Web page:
The problem with this rule is it is not coordinated with your financial goals in any way. Investing decisions should be based on the job your money needs to do for you. If you are currently 55, and not planning on taking withdrawals from your retirement accounts until you are required to do so at age 70 ½, then your money has many more years to work for you before you WIll need to touch it. If you want your money to have the highest probability of earning a return in excess of 5% a year then having only 50% of those funds allocated to stocks may be too conservative based on your goals and time frame. On the other hand, you might be 62, and about to retire. In this situation many retirees will benefit from delaying the start date of their Social Security benefits and using retirement account withdrawals to fund living expenses until they reach age 70. In this case you may need to use a significant amount of your investment money in the next eight years, and perhaps a 38% allocation to stocks would be too high.

What the Research Shows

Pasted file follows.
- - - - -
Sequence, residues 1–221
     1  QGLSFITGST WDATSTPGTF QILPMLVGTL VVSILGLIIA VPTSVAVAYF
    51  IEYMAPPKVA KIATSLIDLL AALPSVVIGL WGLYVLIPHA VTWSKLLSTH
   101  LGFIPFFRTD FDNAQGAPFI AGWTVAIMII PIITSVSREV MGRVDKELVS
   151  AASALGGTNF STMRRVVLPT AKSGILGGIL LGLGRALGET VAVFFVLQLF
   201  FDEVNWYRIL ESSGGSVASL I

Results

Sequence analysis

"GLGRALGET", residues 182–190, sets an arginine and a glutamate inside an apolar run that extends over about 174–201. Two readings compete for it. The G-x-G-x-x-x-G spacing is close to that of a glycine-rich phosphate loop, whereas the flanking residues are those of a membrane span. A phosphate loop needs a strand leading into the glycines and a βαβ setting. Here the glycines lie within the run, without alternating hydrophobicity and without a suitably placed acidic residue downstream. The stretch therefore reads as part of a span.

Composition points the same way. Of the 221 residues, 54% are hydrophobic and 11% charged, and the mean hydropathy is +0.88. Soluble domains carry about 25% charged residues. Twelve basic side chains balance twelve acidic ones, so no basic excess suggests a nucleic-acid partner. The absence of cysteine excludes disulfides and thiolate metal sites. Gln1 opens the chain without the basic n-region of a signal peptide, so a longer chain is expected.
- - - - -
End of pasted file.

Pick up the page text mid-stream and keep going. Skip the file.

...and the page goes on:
Academics have begun to conduct retirement research on how well a declining equity glide path (which is what the 100 minus age rule will deliver) performs compared to other options. Other options include using a static allocation approach, such as 60% stock/40% bonds with annual rebalancing, or using a rising equity glide path, where you enter retirement with a high allocation to bonds and spend those bonds while letting your stock allocation grow. Research by Wade Pfau and Michael Kitces shows that in a poor stock market, such as what you might have experienced if you retired in 1966, the 100 minus age allocation approach delivered the worst outcome, leaving you out of money thirty years after retirement. Using a rising equity glidepath where you spend your bonds first delivered the best outcome. They also tested the outcome of these various allocation approaches over a strong stock market, such as what you might have experienced if you retired in 1982. In a strong stock market all three approaches left you in good shape with the static approach delivering the strongest ending account values and the rising equity glidepath approach leaving you with the lowest ending account values (which were still far more than you started with). The 100 minus age approach delivered results right in the middle of the other two options.

Plan for the Worst, Hope for the Best